Zuo Xiying, of the Beijing Renmin University’s National Academy of Development and Strategy, makes symmetrical observations in Global Times. He argues that American military authorities are exaggerating the Chinese threat in order to ask for increased budget allocations, but it is a fact that the United States’ deterrence capacity is growing weaker. In his opinion, there may be a “tug-of-war of the balance of power” in the region over the “upcoming five to 10 years”.

A distinguishing mark of the crisis is the Chinese plan for a “world-class” military force by 2035; what is at issue is the alignment of Beijing’s war apparatus with the changed power relations at an economic level. In twenty years, China’s relative weight in total global production [WGP] has grown by more than 10%; according to World Bank estimates, in 2019, at purchasing power parity, China weighed $22,492 billion, or 17.3%, the USA $20,525 billion (15.8%), the EU $19,863 billion, (15.3%), Japan $5,261 billion (4.1%), India $9,155 billion (7.1%), and Russia $3,968 billion (3.1%).

According to SIPRI estimates of military budgets, in 2019, the USA spent $732 billion, or 39.2%, China $261 billion (14%), the EU $220 billion (11.8%), India $71 billion (3.8%), Russia $65 billion (3.5%), and Japan $48 billion (2.5%). The European figure is to be considered a mere potentiality, given the deficit in continental centralisation that casts doubt on the sum of the national allocations.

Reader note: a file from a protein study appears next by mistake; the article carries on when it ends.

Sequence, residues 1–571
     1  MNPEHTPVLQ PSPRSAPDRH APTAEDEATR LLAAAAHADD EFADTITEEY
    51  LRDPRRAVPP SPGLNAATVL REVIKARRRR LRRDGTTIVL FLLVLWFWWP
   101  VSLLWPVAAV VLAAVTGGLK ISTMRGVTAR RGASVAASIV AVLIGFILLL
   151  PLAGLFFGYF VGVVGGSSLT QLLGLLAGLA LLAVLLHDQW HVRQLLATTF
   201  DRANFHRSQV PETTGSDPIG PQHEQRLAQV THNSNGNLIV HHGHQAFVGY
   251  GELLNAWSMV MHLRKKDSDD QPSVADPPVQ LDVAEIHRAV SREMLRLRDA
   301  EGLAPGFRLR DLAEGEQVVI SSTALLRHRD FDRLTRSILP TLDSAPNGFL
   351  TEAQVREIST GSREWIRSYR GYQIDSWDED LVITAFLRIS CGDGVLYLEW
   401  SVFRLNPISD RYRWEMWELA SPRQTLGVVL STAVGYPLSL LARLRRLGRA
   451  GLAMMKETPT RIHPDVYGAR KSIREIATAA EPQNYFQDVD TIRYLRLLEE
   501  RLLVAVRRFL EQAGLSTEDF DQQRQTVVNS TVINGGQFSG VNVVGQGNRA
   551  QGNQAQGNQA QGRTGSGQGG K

As often happens, an article written by Walter Russell Mead can be read in correlation with Kissinger’s theses of  “doves” and “hawks”. He writes in The Wall Street Journal that the debate about China in the United States is becoming overheated, but is framed “too simplistically”, between “doves” which hypothesise withdrawal from Asia and “hawks” which overestimate the Chinese threat to the point of making it seem unsustainable. Actually, the biggest problems with China would be in the short and medium term, and not in the long term.